The Blueprint for Greenways in the Heart of Alabama was completed in December 2011 through funding from the Building Communities program at the Regional Planning Commission of Greater Birmingham. The Blueprint for Greenways is a manual for implementation of Greenway Plans Using Five Mile Creek Greenway as an example.
View the report here : Greenways-report-Final.pdf
Recreational trails and parks may be Alabama’s silent industry, but it might take some shouting to get that message out.
That megaphone could come in a form of a study that trail supporters are proposing to detail the impact that recreation has on the state’s economy. Members of the Alabama Trails Commission and advisory members discussed the study July 13 in a meeting at the Alabama Center for Commerce. The commission was formed to promote recreational trails of all types in Alabama.
“One of the problems that we have is convincing people, including many elected officials, that recreation is much more than fun and games,” said Rob Grant, ADECA’s Recreational Programs manager. “It is an economic engine provides jobs and brings money into a community. This is particularly important in rural areas where they are not likely to attract a Hyundai or Kia plant.”
Nisa Miranda, director of the University Center for Economic Development at the University of Alabama, agreed that unique trails and recreation seem to have the potential to draw people from other states and the impact could mean tremendous benefits and economic boosts for some of Alabama’s poorer counties.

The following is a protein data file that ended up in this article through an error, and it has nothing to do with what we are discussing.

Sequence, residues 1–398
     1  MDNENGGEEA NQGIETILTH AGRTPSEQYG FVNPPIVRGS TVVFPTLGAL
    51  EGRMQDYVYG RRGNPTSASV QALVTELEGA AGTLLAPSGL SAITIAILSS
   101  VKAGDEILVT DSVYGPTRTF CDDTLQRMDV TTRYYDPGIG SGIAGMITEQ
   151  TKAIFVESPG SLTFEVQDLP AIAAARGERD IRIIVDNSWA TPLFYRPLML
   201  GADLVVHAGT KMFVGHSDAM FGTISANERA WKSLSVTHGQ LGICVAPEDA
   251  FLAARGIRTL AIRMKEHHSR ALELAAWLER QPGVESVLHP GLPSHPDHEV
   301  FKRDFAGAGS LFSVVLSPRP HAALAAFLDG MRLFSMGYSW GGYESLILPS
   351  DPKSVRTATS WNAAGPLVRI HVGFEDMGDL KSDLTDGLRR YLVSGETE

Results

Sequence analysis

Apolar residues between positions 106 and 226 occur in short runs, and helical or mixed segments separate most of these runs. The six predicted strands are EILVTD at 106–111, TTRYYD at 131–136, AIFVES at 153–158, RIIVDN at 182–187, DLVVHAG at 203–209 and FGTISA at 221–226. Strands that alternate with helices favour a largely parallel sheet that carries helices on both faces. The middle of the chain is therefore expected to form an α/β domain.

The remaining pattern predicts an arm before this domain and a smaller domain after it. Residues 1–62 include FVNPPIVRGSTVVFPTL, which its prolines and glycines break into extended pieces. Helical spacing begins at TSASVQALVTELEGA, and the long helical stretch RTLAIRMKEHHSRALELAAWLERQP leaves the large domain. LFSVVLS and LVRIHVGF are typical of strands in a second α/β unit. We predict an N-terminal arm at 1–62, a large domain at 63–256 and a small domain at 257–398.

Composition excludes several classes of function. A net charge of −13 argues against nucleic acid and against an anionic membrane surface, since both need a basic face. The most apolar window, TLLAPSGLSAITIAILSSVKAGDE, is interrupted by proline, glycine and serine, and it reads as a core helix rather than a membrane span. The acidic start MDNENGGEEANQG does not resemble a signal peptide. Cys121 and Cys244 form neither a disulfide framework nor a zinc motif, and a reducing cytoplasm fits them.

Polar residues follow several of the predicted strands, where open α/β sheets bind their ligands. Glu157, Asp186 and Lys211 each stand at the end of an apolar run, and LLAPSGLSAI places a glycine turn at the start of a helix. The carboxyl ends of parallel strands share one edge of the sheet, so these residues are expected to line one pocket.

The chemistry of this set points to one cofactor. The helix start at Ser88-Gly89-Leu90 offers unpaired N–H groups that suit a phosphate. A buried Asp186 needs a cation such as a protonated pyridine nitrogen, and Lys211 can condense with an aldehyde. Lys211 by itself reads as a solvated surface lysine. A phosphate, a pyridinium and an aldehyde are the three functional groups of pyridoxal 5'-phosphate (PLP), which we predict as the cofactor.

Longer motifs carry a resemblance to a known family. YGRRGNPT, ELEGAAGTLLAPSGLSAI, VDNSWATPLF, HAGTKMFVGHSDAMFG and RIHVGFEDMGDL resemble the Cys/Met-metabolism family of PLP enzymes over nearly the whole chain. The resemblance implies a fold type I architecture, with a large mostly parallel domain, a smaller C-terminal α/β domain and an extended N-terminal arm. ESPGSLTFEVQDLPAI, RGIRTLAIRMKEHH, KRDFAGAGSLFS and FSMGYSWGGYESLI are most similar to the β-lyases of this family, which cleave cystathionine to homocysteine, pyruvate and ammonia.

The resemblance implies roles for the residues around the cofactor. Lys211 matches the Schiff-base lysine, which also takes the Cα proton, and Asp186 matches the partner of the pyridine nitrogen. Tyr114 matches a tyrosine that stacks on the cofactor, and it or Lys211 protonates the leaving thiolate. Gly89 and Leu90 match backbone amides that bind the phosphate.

“Trails are a wonderful opportunity (for economic development),” Nisa said. “It’s a way to link places and to provide some economic development to places that are really struggling.”
Jim Felder, executive director of the Alabama Scenic River Trail, said the creation of that group seems to be a case in point. Felder said when the organization began, only eight businesses existed along Alabama’s rivers and major creeks to rent canoes and kayaks. Since the organization began sponsoring river ventures and promoting river recreation, there are now 21.
Rob said studies in other states point to the connection between trails, tourism and the overall economic impact.
“We can pull together anecdotal information from other states, but it won’t have the same impact in Alabama that a study conducted in our state would,” Rob said.
Rob said the benefits of the study could result in more support for the development of trails from state and local governments and private businesses and industries.
He said it could also be used to encourage the creation of local businesses ranging from bed-and-breakfast houses and restaurants to recreation outfitters who sell bicycles, hiking equipment or off-road motorized vehicles.
By Jim Plott, CID